Earth, Water, Fire: The Secrets of Barro Negro Pottery
Discover the magical practice of Oaxacan black clay pottery, and meet the inspiring female artisans reviving this extraordinary craft
Written by: Arianna Meschia for The Nopo
The most striking thing about handmade artisanal crafts is the blend of diligence, passion, skill and ingenuity that goes into creating them. Even the apparently simplest of products go through a complex process, perfected through the generations, where often several pairs of hands make the artist’s imagination come to life.
Barro negro pottery, made of naturally black clay found in the Oaxacan region in Mexico, is the ultimate combination of physically-intense handmade work, the mystery of centuries-old traditions, and the almost magical effects of chemical reactions.
Barro negro products, which are 100% organic and made solely of mud and water, take on a beautiful and unique sheen after firing, unseen in other natural clays. Getting to the finished piece involves everything from a healthy dose of muscle to precise temperatures and the use of specific kinds of stones to polish the clay.
We fell in love with the craft when we were introduced to the wonderful work of Nelly Ortiz, a master artisan whose family has been making stunning barro negro pottery for generations. Helped by her husband José, who is in charge of the firing process, Nelly took her fate into her own hands when she decided to take the reins of the family business, expanding its operations and adding new designs alongside the more traditional pieces. It’s a testament to her strength and ingenuity that she accomplished all this at the same time as becoming a mother and taking care of her young baby, Milagro.
Nelly’s craftsmanship is evident when it comes to getting the black glass-like sheen exactly right, in a process that blurs the lines between chemistry and magic. First, she moistens the clay she has previously shaped in pots, cups, and more, then she polishes it with a quartz stone at a precise moment just before they dry completely in well-insulated rooms. The quartz compresses the clay and gives it its distinctive glossy black shade after firing at 700-800℃ (1300-1500℉).
Before you even get to this stage though, the process of extracting, soaking, refining, kneading, and spinning the clay into the desired object can take over a week and is an extremely taxing job, which is why parts of it have traditionally fallen under the men’s duties. Apart from the actual extraction of the clay, men also take care of filtering it to get rid of all impurities such as gravel and sand, using petates, bedrolls woven from dried palm leaves, and eventually their own feet, to feel for any smaller impurities that might have escaped the first round.
When it comes to shaping the actual items, though, the women fully take over spinning the clay on handmade plates balanced on rocks of various sizes and smoothness, preferring them to modern electric pottery wheels. In Nelly’s community, girls start learning about the art of black pottery around the age of five or six, making this craft a strongly matriarchal one. Nelly’s own daughter Milagro has just started following her mum around in her daily work, and is on course to becoming a master potter herself someday!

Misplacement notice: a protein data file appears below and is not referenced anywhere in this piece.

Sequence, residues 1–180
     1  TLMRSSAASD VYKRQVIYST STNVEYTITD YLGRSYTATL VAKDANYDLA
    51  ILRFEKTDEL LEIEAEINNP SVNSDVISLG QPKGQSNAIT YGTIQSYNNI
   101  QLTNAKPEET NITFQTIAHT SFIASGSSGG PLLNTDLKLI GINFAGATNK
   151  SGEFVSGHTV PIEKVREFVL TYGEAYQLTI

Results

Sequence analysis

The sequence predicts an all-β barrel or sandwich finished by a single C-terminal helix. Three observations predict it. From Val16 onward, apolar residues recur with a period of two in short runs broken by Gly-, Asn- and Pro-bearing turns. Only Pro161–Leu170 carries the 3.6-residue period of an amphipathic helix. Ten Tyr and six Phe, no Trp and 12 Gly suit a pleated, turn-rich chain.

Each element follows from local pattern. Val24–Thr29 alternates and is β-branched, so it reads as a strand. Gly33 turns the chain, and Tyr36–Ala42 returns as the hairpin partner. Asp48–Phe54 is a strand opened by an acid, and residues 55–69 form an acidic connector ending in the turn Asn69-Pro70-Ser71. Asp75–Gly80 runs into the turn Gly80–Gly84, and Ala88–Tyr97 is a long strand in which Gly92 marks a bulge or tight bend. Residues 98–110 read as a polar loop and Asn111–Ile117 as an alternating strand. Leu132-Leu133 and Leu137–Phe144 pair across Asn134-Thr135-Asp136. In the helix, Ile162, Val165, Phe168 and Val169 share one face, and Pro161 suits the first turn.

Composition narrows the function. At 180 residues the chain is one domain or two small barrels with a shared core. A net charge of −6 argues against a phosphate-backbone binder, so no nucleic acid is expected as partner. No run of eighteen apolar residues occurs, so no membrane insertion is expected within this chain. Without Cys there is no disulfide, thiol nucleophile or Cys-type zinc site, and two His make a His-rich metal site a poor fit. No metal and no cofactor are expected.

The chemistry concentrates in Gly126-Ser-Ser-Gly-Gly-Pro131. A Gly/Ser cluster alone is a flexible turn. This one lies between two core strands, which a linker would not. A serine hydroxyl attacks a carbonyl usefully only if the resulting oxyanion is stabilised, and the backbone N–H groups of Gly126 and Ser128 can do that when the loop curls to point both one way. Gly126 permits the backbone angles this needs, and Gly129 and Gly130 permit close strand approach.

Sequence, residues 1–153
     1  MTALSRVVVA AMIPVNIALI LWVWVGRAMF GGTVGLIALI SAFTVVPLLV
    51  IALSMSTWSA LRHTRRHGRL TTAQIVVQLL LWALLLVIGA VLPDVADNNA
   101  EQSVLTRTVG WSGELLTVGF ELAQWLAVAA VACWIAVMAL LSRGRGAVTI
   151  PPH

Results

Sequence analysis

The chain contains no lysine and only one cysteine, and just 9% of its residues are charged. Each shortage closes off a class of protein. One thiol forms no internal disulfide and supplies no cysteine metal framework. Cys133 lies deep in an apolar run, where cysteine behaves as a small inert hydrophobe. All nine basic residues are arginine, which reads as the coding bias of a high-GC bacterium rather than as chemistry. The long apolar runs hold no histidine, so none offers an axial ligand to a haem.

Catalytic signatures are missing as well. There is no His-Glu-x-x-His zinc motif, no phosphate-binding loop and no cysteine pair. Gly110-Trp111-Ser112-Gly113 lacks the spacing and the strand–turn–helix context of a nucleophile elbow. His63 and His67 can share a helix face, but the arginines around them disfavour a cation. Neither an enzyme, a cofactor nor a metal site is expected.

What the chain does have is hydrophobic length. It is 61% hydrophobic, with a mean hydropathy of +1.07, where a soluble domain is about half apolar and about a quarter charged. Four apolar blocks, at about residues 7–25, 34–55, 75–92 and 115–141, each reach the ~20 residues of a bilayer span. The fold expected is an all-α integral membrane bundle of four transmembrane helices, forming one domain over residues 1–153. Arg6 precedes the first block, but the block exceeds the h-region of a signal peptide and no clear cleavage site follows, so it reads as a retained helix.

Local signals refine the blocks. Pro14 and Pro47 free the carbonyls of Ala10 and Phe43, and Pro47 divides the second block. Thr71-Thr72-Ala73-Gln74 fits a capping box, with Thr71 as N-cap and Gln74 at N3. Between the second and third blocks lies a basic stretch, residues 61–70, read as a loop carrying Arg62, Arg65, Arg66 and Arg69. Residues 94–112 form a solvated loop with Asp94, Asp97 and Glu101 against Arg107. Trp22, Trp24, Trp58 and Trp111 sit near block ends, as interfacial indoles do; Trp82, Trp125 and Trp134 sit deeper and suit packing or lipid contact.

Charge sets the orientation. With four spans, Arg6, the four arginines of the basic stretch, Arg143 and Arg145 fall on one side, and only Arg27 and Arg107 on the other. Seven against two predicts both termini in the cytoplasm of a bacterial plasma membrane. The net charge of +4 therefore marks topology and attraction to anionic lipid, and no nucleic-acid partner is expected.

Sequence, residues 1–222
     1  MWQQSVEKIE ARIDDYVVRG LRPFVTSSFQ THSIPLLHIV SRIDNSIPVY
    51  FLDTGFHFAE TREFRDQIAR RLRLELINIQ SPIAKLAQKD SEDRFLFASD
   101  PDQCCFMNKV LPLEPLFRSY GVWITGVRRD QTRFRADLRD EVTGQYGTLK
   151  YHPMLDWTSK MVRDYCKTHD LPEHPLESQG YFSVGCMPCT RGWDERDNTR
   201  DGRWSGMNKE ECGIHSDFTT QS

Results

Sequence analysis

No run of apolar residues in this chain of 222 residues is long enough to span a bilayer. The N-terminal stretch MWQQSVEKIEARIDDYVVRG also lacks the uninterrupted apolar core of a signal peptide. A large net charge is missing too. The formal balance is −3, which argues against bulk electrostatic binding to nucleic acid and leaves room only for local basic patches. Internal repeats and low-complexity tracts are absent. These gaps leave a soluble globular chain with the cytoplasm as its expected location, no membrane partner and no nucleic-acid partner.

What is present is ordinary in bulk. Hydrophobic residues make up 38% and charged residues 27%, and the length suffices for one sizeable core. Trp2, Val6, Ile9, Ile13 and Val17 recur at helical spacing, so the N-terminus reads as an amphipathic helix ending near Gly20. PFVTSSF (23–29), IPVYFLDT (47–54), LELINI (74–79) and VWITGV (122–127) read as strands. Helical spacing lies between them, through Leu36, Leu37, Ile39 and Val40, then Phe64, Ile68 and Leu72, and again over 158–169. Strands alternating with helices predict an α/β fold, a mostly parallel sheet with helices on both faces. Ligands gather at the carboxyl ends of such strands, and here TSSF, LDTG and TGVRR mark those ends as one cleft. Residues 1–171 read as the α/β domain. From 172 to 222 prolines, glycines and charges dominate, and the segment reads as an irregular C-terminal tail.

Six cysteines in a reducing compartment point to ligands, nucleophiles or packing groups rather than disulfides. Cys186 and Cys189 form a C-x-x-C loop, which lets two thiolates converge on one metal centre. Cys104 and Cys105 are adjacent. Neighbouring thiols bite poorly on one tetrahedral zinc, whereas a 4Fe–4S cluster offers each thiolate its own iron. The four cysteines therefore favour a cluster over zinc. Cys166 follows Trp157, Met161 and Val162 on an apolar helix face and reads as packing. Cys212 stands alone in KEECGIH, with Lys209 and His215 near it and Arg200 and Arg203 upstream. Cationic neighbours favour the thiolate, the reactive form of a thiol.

After meeting Nelly and learning more about barro negro, we decided to continue on the incredible journey of discovery she had taken us on, by finding out more about this lesser-known craft. Our off-the-beaten-path research took us straight to one of our newest vendors, Albana, who also work with incredible masters in Oaxaca making barro negro pottery.
Sisters Maria Andrea and Viviane set up Albana to promote the development of a social, environmental, and cultural consciousness in their native Mexico. Their work strives to go back to a purer, more original way of living and rescue our very own essence as human beings through the craftsmanship that Mexico is so rich in.
Pushed by their shared love for interior design, they started developing designs and prototypes for interior decor and homeware, and when it came to ceramics, they found their ideal partner in Estela Cardozo, a craftswoman from the same village as Nelly, just outside the capital Oaxaca City and home to tens of artisan families specializing in the craft.
Estela works her black clay using a similar burnished technique, which has been developed in the region over the last one hundred years. The technique is the fruit of decades of experimentation and trial and error, and consists of leaving the still-wet clay pieces in a completely air-tight oven where oxygen can’t affect the composition of the piece. Estela then burnishes the pieces with a pyrite stone before baking them, to get the characteristic black sheen at the end.
In both the Ortiz and Cardozo families, the process of making pottery is a truly collaborative effort of every single family and community member, working together to use their craftsmanship and creativity to advocate for the preservation of their ancient culture and traditions. In that sense, their work embodies the highest and purest form of community: each member doing one small task for the benefit of society as a whole rather than that of the individual.
Learn more about Nelly and Albana, or shop their stunning wares in our new Barro Negro Collection today.